have had the same reason for relying on dresses, in 1596, to Barbara Muller von the accuracy of his supposition. As it Muhleckh. This lady was already a was, the result utterly confounded him; widow for the second time, although two and he was obliged to leave it with the years younger than Kepler himself. On remark, that “ the two theories are thus occasion of this alliance he was required proved to be the same in fact, and only to prove the nobility of his family, and different in form; although how that the delay consequent upon the inquiry can possibly be, I have never to this postponed the marriage till the followday been able to understand.”—Hising year. He soon became involved perplexity was very reasonable; they in difficulties in consequence of this are by no means the same; it was only inconsiderate engagement: his wife's his method of juggling with the figures fortune was less than he had been led which seemed to connect them.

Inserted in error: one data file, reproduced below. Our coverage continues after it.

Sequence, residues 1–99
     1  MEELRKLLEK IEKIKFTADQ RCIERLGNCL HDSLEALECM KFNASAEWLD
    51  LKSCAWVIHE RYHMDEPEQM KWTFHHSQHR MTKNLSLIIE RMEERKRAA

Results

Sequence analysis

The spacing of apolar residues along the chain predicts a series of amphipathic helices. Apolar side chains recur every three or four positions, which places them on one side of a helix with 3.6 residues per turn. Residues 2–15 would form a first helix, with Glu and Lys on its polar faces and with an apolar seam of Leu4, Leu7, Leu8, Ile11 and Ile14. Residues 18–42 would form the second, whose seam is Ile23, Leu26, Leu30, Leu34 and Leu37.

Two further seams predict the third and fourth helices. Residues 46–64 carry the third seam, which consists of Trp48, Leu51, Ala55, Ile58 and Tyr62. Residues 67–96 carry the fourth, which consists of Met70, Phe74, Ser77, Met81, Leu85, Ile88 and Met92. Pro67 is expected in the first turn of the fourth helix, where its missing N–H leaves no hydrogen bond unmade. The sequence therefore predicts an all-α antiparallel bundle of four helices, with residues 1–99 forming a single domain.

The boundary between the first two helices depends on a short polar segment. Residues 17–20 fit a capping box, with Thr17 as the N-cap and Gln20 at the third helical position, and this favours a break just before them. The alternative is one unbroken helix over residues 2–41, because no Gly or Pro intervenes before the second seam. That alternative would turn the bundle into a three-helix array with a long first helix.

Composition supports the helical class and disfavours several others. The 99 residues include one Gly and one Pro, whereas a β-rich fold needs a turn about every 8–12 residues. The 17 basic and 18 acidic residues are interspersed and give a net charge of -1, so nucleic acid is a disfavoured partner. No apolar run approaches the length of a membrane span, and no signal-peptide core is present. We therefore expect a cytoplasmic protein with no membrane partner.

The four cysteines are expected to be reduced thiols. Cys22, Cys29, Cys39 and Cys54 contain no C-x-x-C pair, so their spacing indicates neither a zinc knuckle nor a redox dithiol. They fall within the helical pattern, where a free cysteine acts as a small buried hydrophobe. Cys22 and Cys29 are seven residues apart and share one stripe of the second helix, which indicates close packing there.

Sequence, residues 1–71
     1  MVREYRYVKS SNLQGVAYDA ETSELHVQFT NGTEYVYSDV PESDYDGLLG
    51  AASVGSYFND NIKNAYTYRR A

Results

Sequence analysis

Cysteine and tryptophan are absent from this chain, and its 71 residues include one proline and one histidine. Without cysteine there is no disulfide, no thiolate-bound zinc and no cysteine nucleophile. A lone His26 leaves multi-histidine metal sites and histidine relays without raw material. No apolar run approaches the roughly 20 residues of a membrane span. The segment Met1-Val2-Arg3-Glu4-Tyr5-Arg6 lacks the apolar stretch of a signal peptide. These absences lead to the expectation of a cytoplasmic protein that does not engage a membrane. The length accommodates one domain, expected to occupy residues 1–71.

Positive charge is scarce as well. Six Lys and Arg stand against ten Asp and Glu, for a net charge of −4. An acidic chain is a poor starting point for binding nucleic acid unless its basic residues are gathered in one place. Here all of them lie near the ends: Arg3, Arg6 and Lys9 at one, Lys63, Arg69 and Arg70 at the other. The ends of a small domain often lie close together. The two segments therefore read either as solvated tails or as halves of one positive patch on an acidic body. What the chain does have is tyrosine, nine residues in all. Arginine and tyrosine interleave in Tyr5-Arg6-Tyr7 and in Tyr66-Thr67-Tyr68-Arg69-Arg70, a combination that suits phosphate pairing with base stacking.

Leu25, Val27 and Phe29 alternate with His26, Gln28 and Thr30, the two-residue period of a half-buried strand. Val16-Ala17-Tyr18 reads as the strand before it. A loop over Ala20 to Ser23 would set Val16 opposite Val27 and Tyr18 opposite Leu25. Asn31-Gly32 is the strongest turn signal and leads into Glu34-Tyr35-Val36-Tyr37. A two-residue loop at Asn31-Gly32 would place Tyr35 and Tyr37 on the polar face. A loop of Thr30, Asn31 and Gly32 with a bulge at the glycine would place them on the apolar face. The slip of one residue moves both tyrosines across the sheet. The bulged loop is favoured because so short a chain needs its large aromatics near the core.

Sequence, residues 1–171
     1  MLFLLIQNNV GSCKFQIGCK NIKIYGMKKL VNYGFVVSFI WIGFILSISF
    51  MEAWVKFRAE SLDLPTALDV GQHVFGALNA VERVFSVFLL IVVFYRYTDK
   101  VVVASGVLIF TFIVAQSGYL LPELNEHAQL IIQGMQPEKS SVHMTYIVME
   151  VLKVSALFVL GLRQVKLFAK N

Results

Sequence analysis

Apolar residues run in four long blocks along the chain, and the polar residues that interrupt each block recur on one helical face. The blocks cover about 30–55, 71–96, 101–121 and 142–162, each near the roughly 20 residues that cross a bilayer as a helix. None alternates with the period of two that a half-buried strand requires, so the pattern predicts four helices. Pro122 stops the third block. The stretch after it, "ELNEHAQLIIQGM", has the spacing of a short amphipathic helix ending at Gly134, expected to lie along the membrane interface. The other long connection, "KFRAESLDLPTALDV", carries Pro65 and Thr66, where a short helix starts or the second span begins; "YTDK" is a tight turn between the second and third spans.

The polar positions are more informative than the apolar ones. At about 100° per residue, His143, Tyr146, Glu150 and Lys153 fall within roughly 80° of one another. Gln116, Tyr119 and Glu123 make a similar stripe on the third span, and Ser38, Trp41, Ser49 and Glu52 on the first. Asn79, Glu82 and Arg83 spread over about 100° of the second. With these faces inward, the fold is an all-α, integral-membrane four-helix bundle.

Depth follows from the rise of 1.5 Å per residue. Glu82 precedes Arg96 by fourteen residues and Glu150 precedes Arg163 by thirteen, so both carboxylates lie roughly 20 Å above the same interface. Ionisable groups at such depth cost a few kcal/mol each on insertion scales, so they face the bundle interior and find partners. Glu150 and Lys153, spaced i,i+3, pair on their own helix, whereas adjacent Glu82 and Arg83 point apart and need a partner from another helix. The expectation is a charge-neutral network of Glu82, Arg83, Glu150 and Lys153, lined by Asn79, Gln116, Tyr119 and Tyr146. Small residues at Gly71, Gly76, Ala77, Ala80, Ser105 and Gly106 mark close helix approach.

to expect, and he became embroiled on Notwithstanding all its faults, the that account with her relations. Still genius and unwearied perseverance dis- more serious inconvenience resulted to played by Kepler in this book, immedi- him from the troubled state in which the ately ranked him among astronomers of province of Styria was at that time, the first class; and he received the most arising out of the disputes in Boheflattering encomiums from many of the mia and the two great religious parties most celebrated; among others, from into which the empire was now divided, Galileo and Tycho Brahe, whose opinion the one headed by Rodolph, the feeble he invited upon his performance. Galileo minded emperor,--the other by Matthias, contented himself with praising in ge- his ambitious and enterprising brother. neral terms the ingenuity and good faith In the year following his marriage, he which appeared so conspicuously in it. thought it prudent, on account of some Tycho Brahe entered into a more de- opinions he had unadvisedly promultailed criticism of the work, and, as gated, (of what nature does not very Kepler shrewdly remarked, showed how distinctly appear,) to withdraw himself highly he thought of it by advising him from Gratz into Hungary. Thence he to try to adapt something of the same transmitted several short treatises to his kind to the Tychonic system. Kepler friend Zehentmaier, at Tubingen—"On also sent a copy of his book to the the Magnet,” “On the Cause of the imperial astronomer, Raimar, with a Obliquity of the Ecliptic,” and “ On the complimentary letter, in which he exalted Divine Wisdom, as shown in the Creahim above all other astronomers of the tion." Little is known of these works age. Raimar had surreptitiously ac- beyond the notice taken of them in Zequired a notion of Tycho Brahe's theory, hentmaier's answers. Kepler ha's himself and published it as his own; and Tycho, told us, that his magnetic philosophy in his letter, complained of Kepler's ex was built upon the investigations of travagant flattery. This drew a long Gilbert, of whom he always justly spoke apologetical reply from Kepler, in which with the greatest respect. he attributed the admiration he had ex About the same time a more violent pressed of Raimar to his own want of persecution had driven Tycho Brahe from information at that time, having since his observatory of Uraniburg, in the little met with many things in Euclid and island of Hueen, at the entrance of the Regiomontanus, which he then believed Baltic. This had been bestowed on him original in Raimar. With this explana- by the munificence of Frederick I. of tion, Tycho professed himself perfectly Denmark, who liberally furnished him satisfied.